Obese women only get one hour of vigorous exercise a year: Study

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A surprising new study shows that obese U.S. men get less than four hours of vigorous exercise a year, while obese American women partake in only one hour annually.

The statistics, which were calculated from a nationally-representative pool of about 2,600 adults between the ages of 20 and 74, showed that there was a vast need for an improvement in physical activity in this weight group.  

 

"They're living their lives from one chair to another," study author Edward Archer, a research fellow with the Nutrition Obesity Research Center at the University of Alabama at Birmingham, told HealthDay. "We didn't realize we were that sedentary. There are some people who are vigorously active, but it's offset by the huge number of individuals who are inactive."

The Centers for Disease Control and Prevention recommends that adults get at least 75 minute of vigorous-intensity exercise a week in addition to muscle strengthening activities twice a week. Activities that fall under this category include jogging, running, swimming laps, riding a bike fast on hills, playing singles tennis or playing basketball.

People can also opt to participate in 150 minutes of moderate-intensity exercise weekly in lieu of the more vigorous activities, per the recommendations. Those activities include walking fast, doing water aerobics, riding a bike on flat ground, playing doubles tennis or pushing a lawn mower.

Archer expressed concern that most people were living relatively unfit lives.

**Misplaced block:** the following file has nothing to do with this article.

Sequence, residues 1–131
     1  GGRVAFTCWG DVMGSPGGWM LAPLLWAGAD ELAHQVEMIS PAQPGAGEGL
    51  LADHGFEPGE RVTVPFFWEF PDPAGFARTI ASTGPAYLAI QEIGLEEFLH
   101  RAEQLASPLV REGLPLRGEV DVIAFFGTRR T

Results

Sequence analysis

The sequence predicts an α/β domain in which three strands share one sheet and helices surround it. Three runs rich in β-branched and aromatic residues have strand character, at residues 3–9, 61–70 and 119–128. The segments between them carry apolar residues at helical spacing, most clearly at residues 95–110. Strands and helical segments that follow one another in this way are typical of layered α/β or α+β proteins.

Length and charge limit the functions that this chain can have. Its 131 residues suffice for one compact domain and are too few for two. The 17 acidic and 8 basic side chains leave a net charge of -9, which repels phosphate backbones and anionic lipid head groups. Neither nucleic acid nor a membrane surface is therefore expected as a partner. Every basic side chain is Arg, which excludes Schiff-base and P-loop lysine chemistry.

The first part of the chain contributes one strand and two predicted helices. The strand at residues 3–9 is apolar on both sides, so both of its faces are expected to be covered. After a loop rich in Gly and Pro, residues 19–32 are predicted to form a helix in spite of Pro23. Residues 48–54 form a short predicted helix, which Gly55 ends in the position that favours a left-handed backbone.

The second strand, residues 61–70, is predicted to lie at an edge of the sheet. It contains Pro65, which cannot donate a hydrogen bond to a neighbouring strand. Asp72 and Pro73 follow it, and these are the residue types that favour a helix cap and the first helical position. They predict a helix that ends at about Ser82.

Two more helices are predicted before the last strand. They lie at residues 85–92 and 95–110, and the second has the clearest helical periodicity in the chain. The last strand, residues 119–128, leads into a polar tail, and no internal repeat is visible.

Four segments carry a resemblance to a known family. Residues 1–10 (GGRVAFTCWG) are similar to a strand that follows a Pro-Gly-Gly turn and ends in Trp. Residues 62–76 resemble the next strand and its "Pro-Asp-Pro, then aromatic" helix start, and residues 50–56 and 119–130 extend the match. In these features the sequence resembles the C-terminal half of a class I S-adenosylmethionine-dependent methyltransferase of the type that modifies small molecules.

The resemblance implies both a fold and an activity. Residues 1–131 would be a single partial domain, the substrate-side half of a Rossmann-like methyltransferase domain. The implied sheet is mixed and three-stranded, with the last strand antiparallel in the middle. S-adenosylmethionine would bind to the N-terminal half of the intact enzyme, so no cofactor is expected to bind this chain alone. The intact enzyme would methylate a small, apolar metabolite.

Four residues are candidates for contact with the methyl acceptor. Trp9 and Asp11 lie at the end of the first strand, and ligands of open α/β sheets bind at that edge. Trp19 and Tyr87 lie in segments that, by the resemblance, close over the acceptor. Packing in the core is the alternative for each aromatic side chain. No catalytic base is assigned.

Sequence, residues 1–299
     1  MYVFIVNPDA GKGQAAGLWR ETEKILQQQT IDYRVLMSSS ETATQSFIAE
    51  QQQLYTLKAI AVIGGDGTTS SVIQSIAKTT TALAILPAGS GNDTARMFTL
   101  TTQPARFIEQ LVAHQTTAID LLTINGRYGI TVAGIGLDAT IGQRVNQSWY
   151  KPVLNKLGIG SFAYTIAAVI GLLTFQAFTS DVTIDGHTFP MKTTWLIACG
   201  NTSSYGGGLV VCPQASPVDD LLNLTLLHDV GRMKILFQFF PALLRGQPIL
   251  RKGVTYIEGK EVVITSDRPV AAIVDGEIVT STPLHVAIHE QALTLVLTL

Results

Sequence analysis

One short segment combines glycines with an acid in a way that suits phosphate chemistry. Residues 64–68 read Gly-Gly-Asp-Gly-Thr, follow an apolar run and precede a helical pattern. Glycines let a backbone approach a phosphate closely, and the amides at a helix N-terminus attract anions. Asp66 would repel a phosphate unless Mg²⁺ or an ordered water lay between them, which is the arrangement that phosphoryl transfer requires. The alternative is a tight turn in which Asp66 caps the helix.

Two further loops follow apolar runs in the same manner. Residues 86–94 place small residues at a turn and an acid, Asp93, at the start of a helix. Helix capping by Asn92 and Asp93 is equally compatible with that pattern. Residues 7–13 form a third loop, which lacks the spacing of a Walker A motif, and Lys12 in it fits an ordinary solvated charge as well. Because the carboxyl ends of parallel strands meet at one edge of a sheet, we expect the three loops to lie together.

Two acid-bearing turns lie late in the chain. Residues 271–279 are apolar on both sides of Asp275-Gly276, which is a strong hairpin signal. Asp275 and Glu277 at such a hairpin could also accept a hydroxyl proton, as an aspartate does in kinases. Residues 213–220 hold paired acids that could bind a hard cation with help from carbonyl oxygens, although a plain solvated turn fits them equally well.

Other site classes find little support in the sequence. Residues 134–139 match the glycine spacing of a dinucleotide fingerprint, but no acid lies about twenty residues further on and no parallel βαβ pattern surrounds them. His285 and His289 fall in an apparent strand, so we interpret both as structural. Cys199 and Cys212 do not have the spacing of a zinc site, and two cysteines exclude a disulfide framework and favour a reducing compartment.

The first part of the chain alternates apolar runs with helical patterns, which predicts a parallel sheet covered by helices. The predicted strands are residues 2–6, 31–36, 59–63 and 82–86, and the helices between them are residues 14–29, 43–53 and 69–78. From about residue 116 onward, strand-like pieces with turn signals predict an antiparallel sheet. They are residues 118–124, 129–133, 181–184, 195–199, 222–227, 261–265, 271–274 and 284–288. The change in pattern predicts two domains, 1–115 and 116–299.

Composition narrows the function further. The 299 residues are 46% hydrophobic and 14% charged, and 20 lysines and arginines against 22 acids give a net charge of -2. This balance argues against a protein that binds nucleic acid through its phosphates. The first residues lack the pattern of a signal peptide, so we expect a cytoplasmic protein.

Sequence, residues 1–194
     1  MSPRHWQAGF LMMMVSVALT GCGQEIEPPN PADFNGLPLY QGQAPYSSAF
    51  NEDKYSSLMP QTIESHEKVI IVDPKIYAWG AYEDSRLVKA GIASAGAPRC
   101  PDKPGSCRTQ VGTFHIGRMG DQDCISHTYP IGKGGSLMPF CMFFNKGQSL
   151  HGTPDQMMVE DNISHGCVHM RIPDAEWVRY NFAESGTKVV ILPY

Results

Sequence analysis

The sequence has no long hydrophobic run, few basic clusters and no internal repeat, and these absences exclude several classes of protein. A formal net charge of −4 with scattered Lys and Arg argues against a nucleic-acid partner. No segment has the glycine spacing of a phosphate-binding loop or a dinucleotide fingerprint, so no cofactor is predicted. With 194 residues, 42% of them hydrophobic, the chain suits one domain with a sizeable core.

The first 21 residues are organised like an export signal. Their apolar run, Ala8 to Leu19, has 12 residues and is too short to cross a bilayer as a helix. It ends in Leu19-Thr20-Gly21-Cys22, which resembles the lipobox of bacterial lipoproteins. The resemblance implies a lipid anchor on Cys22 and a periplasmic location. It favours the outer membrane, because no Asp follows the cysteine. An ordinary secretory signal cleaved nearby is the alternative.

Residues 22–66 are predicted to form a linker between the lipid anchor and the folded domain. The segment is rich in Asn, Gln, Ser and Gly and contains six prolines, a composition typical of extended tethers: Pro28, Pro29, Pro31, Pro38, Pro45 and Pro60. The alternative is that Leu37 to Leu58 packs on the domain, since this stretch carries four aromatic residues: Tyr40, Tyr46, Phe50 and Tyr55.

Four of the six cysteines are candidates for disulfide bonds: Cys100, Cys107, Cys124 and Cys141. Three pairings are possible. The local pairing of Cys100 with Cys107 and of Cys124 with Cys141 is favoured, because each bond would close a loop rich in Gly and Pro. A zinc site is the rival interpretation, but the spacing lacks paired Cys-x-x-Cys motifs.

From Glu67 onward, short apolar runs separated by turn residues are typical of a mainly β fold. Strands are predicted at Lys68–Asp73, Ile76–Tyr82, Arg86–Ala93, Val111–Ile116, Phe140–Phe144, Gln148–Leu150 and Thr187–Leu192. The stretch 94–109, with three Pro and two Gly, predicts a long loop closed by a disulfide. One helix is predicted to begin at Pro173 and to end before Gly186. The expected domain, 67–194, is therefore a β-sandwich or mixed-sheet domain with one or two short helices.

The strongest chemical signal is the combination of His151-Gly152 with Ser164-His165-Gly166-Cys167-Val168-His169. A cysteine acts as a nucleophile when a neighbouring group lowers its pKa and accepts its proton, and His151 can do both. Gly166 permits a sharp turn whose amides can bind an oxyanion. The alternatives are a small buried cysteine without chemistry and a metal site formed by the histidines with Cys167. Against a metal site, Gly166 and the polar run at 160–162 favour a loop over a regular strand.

"They drive their children to school, they sit at a desk all day long, they may play some video games and they go to sleep," he said.

Archer also pointed out that just 30 minutes a day of exercise five days a week can prevent weight gain and provide a health boost. Besides reduced risk for diabetes, heart disease and stroke, something as simple as walking could help prevent obesity-related cancers including those of the: esophagus, pancreas, colon, breast (after menopause), endometrium (lining of the uterus), kidney, thyroid and gallbladder.

"When we're talking about moderate-intensity exercise, we're talking about doing exercise kind of at the level of a brisk walk," Dr. Karen Basen-Engquist, director of MD Anderson's Center for Energy Balance in Cancer Prevention and Survivorship, previously explained to CBS News. "So, your heart rate goes up, you're breathing a little bit faster, but you're not doing an all-out run."

 

Basen-Engquist added for moderate workouts, you should be able to talk to the person next to you when exercising, but you won’t be able to sing to them. If you reach the vigorous level, you’ll only be able to say a few words at time.

"People don't understand that (you) don't have to go to the gym and lift weights and run marathons to have dramatic impacts on your body. Standing rather than sitting, walking rather than taking your car, they have huge impacts on your health over time,” Archer explained.

The research was published in the December 2013 issue of Mayo Clinic Proceedings.  


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